where the sum is over all the individuals in the zone.
To use E8 to draw a conclusion about Var[Ln VR] we need to express the latter as a function of Var[V]. If Z is a Poisson variable with mean and variance , a good approximation (obtained using a Taylor series expansion of the log function) is:
Its error is between 3% and 6% for between 5 and 10, falling to less than 1% for greater than 20. Putting Z = V in E9 and substituting into E5, we have:
For convenience I will abbreviate the right-hand expression in E10 as g(E[V]). From E10 we can infer that heteroscedasticity due to differences in visit rates is still present after the log transformation. This can in principle be addressed by WLS estimation, the necessary weighting factor being the reciprocal of g(E[V]). This is equivalent to OLS estimation of the model (with u as the error term):
To confirm that this is homoscedastic, we first show that the dependent variable is homoscedastic. Noting that g(E[V]) is constant for any particular zone and using E10 we have:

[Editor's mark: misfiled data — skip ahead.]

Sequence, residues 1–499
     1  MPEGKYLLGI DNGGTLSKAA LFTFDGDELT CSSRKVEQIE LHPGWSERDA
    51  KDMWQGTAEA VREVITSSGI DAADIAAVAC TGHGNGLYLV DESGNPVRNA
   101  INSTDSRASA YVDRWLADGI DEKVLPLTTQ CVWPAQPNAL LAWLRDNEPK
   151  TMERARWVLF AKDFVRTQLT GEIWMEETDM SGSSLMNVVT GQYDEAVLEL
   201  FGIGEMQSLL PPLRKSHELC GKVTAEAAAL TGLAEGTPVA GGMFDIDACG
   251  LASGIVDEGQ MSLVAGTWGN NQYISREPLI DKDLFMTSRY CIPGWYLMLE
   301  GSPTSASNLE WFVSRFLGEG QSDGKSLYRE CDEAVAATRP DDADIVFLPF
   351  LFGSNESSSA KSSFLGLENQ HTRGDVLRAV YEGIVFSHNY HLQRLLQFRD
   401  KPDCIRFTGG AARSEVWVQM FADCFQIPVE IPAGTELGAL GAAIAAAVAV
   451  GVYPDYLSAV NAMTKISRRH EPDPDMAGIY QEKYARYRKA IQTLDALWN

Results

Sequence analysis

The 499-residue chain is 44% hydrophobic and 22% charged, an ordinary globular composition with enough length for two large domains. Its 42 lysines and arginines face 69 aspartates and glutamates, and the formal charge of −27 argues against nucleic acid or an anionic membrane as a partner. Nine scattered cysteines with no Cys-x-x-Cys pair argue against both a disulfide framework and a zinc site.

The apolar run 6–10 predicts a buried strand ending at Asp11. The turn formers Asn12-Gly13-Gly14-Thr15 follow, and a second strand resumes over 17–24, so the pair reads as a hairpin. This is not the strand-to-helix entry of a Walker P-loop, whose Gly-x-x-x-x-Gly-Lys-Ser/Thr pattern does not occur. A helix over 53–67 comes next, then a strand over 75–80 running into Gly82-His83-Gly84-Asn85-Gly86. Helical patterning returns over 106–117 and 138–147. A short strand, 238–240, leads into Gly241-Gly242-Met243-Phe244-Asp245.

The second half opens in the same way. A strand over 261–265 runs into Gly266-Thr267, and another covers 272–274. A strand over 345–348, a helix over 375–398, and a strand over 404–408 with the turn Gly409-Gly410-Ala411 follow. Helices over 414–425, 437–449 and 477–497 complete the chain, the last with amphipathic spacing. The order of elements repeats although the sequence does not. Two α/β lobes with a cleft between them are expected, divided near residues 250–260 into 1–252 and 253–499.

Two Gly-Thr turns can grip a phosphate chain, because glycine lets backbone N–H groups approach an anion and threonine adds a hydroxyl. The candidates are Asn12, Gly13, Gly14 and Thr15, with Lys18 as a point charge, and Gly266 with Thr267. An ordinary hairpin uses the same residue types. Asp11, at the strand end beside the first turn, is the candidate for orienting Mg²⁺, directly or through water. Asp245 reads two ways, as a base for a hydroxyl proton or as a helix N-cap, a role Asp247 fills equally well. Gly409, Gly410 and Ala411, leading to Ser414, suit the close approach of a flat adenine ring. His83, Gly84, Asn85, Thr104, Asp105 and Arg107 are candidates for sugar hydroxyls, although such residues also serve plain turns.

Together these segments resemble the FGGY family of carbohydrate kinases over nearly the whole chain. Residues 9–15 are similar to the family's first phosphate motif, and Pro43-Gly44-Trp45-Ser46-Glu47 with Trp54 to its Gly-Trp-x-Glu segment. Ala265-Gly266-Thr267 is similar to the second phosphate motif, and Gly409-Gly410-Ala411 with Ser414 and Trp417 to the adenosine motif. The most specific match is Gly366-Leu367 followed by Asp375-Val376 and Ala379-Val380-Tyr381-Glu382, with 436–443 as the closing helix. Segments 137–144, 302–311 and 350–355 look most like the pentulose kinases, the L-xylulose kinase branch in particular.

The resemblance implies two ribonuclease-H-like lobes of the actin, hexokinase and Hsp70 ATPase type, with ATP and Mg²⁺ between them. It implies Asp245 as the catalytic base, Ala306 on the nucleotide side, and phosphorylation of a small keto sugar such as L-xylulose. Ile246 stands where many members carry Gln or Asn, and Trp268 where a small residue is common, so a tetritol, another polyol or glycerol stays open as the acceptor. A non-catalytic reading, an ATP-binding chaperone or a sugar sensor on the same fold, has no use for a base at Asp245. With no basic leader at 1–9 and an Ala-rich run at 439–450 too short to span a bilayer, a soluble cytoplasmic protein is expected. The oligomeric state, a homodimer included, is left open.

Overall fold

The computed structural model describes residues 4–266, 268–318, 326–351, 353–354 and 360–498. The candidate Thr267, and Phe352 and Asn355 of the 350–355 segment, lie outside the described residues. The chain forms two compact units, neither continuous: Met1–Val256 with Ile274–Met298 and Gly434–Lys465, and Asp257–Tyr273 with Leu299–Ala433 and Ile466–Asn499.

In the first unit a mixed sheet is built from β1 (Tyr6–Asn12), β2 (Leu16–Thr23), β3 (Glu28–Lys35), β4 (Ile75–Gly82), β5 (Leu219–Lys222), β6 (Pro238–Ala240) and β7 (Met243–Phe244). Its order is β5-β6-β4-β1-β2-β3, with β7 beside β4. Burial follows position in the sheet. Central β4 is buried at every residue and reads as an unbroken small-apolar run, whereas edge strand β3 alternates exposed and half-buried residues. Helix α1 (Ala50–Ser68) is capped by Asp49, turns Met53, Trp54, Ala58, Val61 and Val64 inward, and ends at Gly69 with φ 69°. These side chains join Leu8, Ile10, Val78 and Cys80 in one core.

Given our assumption that the regression model is correctly specified, we can infer that it is homoscedastic since for any zone the regression variance is given by:
However, the problem remains that we do not have reliable estimates of E[V] for each zone to slot into E11. We cannot therefore undertake a single definitive WLS estimation leading to coefficient estimates with reasonably reliable standard errors.
To make further progress, we can consider two cases. The pair of true values of the regression coefficients are either within or outside the 95% confidence ellipse defined by the OLS results. This ellipse (see Figure 1 below) is defined by the results in Table 1 together with the estimated covariance between the constant and travel cost coefficients. Its meaning is that, on repeated sampling and if the standard errors (and covariances) are correct, 95% of such ellipses will contain the true pair of coefficients. Note that Figure 1 is based on the unscaled visit rate (hence the range of the constant coefficient is much lower than its estimate in Table 1).
If the true coefficient values are outside this ellipse, it could be that the standard errors are correct and the sample data happens to be such that the ellipse is one of the unlucky 5%. This is an unlikely but not impossible scenario. Since we know that the standard errors are very unreliable, however, a more plausible interpretation is that the standard errors are too small, and that a confidence ellipse based on the true standard errors would have included the true coefficient values.